It just so happens that the most valuable optimization I could focus on if I were working for the University of Phoenix is to improve my homepage’s performance for the keyword “online colleges.”

The most valuable optimizations (ordered by ROI potential) for the University of Phoenix.

You might be thinking right now, “Yeah, that’s all well and good, but how does the engine really know which pages/products and keywords are the most valuable to me? ” By default, the engine will calculate optimizations based on search volume. To make the optimizations even more accurate, and more customized to your site’s conversions, you have the option to import your own data into the engine by promoting and demoting URL/Keyword pairs. This part is key to getting the most value out of the platform.

Using the Overrides feature, we are able to tell the engine which keywords and/or URLs are converting the best or driving the most revenue into the business. Input your revenue per keyword and/or webpage to customize the model even further.

Adding this key piece of quantitative information gives the system the proper context it needs to then go and do what computers do best…crunch massive amounts of data! Once completed, the system arrives at a statistical approximation that accurately simulates the reality of your organic search market and gives you the kind of insight that can ONLY BE POSSIBLE by having access to your own search engine – a search engine combined with an analytics platform that can make these calculations and decisions in the proper context of numerous changing variables (solving for the butterfly effect).

So let’s get back to the example at hand… optimizing for the keyword “online colleges”. Starting from square 1, let’s just see what our old friend Google has to say about the competition…

Google’s Search Engine Results For the Phrase “Online Colleges”.

When doing a typical Google search and looking at the results, it may not be clear how close or far the race to the top truly is in this case. We can see that of the top 10 organic results, there are only 4 actual schools making it onto this coveted page of traffic gold. Looking at the top 3 competitors for this keyword marketplace, we can see Kaplan is pulling up the top ranking (currently 4th at the time of this writing) with the University of Phoenix and DeVry pulling up a “close” 6th and 7th finish in the rankings. But how close are they really? And how reliable are these rankings? Might these results jump around a bit, even exchanging places in the Google results from one hour to the next or one location search to the next? How is an SEO professional supposed to honestly, objectively judge this and find any meaningful signal with which to begin the long arduous process of optimizing??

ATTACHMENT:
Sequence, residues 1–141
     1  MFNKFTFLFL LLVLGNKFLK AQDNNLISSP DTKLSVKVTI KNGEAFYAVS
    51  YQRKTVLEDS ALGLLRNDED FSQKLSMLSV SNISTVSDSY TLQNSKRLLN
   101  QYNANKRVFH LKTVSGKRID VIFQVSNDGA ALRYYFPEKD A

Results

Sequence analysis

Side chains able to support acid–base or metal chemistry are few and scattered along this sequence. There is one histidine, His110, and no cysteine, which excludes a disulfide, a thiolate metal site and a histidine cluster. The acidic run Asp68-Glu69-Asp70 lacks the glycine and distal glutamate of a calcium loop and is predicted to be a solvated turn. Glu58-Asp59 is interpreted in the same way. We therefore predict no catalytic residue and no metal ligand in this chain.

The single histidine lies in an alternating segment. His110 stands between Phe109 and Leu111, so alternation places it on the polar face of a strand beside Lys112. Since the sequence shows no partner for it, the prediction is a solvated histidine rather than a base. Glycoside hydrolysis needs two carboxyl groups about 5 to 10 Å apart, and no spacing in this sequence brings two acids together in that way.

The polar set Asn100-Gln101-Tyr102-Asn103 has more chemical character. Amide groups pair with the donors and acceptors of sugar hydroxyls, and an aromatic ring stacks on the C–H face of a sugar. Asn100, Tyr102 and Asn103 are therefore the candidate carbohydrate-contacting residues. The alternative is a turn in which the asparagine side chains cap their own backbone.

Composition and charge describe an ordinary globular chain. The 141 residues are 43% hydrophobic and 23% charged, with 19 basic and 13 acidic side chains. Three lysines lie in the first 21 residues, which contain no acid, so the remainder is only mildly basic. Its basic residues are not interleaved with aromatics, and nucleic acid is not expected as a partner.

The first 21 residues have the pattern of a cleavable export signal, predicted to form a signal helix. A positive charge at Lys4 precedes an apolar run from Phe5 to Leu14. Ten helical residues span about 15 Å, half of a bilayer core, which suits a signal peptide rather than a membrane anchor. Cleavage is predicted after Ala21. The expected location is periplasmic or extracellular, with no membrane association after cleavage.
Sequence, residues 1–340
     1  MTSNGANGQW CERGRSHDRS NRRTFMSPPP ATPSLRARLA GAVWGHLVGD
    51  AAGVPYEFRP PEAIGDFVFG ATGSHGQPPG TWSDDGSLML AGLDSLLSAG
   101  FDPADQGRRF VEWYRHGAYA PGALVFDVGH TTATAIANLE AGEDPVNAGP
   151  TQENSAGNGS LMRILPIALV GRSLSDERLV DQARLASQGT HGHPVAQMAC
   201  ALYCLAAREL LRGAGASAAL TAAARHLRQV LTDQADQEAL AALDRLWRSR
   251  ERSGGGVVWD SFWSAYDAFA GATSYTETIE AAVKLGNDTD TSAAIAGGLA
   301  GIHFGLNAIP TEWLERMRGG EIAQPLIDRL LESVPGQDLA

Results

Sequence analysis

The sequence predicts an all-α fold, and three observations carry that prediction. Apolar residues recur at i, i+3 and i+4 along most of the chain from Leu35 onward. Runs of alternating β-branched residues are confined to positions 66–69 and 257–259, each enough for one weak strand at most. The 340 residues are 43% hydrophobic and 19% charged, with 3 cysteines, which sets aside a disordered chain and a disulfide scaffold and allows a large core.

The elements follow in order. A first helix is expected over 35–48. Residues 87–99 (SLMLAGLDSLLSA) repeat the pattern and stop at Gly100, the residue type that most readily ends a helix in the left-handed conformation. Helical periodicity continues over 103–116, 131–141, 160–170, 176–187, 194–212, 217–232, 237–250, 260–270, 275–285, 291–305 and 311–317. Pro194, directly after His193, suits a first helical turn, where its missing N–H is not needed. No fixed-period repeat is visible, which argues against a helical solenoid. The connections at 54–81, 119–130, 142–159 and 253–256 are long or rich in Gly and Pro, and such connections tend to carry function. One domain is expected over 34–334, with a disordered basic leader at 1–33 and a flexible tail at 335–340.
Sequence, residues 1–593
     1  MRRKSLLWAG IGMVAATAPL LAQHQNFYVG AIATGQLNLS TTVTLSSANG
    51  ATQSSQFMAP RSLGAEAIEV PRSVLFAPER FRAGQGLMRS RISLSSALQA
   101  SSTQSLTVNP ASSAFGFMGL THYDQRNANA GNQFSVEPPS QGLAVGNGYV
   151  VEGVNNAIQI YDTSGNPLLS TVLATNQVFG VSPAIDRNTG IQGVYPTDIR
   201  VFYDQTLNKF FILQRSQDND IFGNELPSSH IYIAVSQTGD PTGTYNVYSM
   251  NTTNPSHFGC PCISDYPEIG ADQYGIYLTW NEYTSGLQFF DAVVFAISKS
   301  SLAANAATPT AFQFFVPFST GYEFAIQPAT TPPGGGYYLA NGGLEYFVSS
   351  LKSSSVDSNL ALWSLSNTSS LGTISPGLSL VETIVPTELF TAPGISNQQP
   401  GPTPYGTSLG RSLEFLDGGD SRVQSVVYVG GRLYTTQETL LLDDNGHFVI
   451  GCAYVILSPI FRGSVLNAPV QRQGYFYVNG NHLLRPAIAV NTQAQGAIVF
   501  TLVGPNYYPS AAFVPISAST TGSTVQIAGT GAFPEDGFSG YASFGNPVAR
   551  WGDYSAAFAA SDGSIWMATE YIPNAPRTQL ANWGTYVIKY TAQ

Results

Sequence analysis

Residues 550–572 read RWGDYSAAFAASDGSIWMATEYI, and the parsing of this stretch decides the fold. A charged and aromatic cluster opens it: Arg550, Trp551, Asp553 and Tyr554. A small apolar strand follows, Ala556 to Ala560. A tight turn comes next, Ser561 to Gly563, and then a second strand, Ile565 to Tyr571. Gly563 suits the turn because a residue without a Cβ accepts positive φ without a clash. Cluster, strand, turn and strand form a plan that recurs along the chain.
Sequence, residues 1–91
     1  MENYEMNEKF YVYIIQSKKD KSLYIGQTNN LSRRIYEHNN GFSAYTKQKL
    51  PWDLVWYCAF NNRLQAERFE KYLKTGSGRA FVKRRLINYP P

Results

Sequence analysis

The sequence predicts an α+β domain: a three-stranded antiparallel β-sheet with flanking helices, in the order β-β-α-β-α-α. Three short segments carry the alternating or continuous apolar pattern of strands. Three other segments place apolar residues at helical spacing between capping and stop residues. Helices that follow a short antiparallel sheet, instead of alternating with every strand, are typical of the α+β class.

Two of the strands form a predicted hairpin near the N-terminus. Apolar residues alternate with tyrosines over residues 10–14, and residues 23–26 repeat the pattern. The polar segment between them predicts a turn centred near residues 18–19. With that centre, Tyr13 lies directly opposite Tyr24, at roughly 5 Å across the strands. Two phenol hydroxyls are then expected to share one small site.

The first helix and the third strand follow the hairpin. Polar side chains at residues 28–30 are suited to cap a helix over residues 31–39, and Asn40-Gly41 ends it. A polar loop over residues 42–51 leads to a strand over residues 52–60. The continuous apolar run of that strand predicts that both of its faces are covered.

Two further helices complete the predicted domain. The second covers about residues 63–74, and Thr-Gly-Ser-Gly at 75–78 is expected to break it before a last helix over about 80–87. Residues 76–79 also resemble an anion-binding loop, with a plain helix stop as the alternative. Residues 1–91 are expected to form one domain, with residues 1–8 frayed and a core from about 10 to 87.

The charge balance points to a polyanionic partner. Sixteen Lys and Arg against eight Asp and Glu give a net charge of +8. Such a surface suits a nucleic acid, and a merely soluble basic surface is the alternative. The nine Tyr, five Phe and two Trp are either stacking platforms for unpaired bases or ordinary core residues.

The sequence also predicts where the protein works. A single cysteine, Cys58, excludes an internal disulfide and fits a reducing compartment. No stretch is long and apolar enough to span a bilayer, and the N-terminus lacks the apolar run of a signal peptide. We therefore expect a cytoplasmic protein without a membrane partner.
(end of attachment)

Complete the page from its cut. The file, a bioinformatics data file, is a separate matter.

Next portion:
Well, if that SEO professional had access to Market Brew’s search engine model he would be able to look underneath the noisy signal that modern search engines like Google broadcast, and expose the real story going on behind the curtain. Let’s take a look at what we see inside the engine:

Market Brew’s Transparent Search Engine Results For the Phrase “Online Colleges”.

By eliminating all the other noise and just focusing on the top competitors that matter to us in this competition to become the king of “online colleges”, we can see that while it may normally be presumable that any of these top three could potentially win out based on the Google results alone, once we look at the numbers that underlie the scoring layer of any major search engine (we allow you to model a number of different search engine environments), we begin to see that Kaplan is far and away the leader (at least as far as this keyword race is concerned). The real story here is the race for second place amongst these top institutions. Depending on when you make the search, Phoenix or DeVry may pull up ahead of the other which shows you that Google already thinks these guys are fairly close in overall relevance to the search term. But how close are they and what are their differences or relative strengths and weaknesses?

A quick hover over Market Brew’s search engine query score for each result begins to paint a clearer picture…

The Query Score Breakdown (QSB) for the University of Phoenix for the query “online colleges”.

Now these numbers at first glance might not make much sense, but as soon as we begin to compare with the raw numbers for DeVry we begin to see where the opportunities are…

The Query Score Breakdown (QSB) for DeVry University for the query “online colleges”.